US district judge Samuel Conti also threw out an earlier case (3:13-cv-01953) against WhiteWave Foods, noting that under the plaintiffs' logic, consumers might also "assume that 'flourless chocolate cake' contains flour or 'e-books' are made out of paper,” noted WhiteWave.
“Plaintiff’s farfetched claims have been summarily disposed of not once, but twice in prior decisions (click HERE).”
The ‘nutritional equivalency’ argument has not just been raised by the dairy lobby, with Adam Lowry, the cofounder of pea milk brand Ripple, recently arguing that consumers are laboring under the misconception that almond milk is a good source of protein, when in fact it is very low in protein.
"The fact is that many nut milk drinkers think that those nut milks are a good source of protein, whether they claim to be or not. That’s the sham – that consumers think they are getting the same nutrition as dairy milk when they aren’t."
To support his point, Lowry referred to a 2015 Mintel/GMI Lightspeed survey of 1,090 internet users aged 18 that had consumed non-dairy milk in the previous three months in which 37% said they had done so because 'It's a good source of protein.'
"The #3 reason that people switch to non-dairy milks is they think 'it’s a good source of protein,'" said Lowry. "Yet almond, cashew, coconut, and rice milks are >80% of the category."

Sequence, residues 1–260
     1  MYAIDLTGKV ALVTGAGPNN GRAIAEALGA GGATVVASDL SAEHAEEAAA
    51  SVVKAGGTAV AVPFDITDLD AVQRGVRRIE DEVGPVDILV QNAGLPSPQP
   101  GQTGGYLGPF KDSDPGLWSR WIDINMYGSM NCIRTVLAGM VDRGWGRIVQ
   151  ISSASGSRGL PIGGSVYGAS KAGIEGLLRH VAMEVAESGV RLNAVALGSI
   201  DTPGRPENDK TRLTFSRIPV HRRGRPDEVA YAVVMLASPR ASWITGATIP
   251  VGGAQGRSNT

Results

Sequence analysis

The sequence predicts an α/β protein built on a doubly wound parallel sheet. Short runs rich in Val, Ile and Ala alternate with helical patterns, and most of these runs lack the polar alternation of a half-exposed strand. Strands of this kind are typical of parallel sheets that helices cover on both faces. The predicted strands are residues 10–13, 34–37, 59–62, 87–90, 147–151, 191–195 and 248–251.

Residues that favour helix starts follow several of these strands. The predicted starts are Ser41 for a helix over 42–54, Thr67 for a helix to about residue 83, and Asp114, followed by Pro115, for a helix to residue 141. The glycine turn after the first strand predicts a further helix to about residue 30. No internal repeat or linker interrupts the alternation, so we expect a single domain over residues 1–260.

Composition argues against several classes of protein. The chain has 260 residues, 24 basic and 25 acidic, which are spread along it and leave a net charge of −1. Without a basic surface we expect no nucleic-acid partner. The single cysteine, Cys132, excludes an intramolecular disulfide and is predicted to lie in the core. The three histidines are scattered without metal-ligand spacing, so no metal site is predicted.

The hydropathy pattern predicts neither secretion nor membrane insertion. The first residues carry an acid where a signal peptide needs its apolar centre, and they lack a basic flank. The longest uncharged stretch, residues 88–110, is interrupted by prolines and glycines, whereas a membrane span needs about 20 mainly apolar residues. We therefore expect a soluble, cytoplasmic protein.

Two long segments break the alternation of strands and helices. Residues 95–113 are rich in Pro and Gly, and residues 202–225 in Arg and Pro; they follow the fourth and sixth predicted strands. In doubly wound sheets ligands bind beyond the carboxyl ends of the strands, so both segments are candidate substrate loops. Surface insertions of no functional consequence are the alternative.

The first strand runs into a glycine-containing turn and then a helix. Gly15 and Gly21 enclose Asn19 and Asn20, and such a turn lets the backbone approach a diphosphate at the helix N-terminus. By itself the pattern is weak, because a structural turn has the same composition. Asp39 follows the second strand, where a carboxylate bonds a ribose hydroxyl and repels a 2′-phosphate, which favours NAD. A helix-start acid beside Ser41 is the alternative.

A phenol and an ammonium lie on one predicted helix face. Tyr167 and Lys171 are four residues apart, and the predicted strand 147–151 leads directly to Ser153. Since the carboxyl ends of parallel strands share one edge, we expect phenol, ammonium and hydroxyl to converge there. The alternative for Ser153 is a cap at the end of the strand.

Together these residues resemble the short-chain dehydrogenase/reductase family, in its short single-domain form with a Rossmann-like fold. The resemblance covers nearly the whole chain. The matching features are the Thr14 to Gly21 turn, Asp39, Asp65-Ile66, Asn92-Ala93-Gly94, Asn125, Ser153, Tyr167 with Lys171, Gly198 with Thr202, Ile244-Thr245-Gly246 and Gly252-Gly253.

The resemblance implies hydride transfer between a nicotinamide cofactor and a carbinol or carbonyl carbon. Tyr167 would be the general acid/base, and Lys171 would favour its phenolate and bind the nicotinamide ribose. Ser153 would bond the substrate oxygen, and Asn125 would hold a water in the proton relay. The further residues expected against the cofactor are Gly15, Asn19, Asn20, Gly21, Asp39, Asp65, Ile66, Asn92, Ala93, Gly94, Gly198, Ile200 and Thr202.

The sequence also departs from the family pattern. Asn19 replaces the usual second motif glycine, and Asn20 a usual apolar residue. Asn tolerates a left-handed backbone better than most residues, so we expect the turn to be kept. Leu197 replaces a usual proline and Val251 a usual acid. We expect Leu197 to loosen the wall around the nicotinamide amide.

Attorney: Plaintiffs could face an uphill battle
So what do legal experts make of the case? A fertile new line of attack for plaintiff’s attorneys, or a stretch too far?
Ryan Kaiser, chair of the class action and business litigation team at law firm Amin Talati Upadhye, told FoodNavigator-USA back in January (when the cases were filed) that the new line of attack could prove more effective than simply going after the name (almondmilk), but that the plaintiffs could still face an uphill battle in their bid to get a class certified.
“I think the plaintiff is going to run into some problems at the certification stage given that a large portion of almond milk (and soy-, and rice-, and coconut-, and macadamia-, and every other type of “milk” beverage out there) consumers buy the products for reasons other than nutritional equivalency to dairy milk.
“Some drink it for ethical reasons. Others for the taste. Still others drink it precisely because of its nutritional differences from milk [for example, almond milk has less sodium than dairy milk, is lower in sugar and calories, and has less saturated fat than 2% or whole milk]. I suspect that’s going to be a hurdle for them.”
Rebecca Cross at Davis Wright Tremaine LLP, added: "The 'nutritional equivalency' angle is a new approach, and I would bet that it results from the proposed DAIRY PRIDE ACT, which makes a similar claim – but I don’t think it will be effective... Courts have rejected the argument that consumers are confused between the products, and the nutritionals for each product are clearly set out on their Nutrition Facts panels.”
*The cases is Melanie Kelley et al v WWF Operating Company, dba Whitewave Services, 1:17-cv-00117. The related case is Cynthia Cardarelli Painter et al v Blue Diamond Growers, BC 647816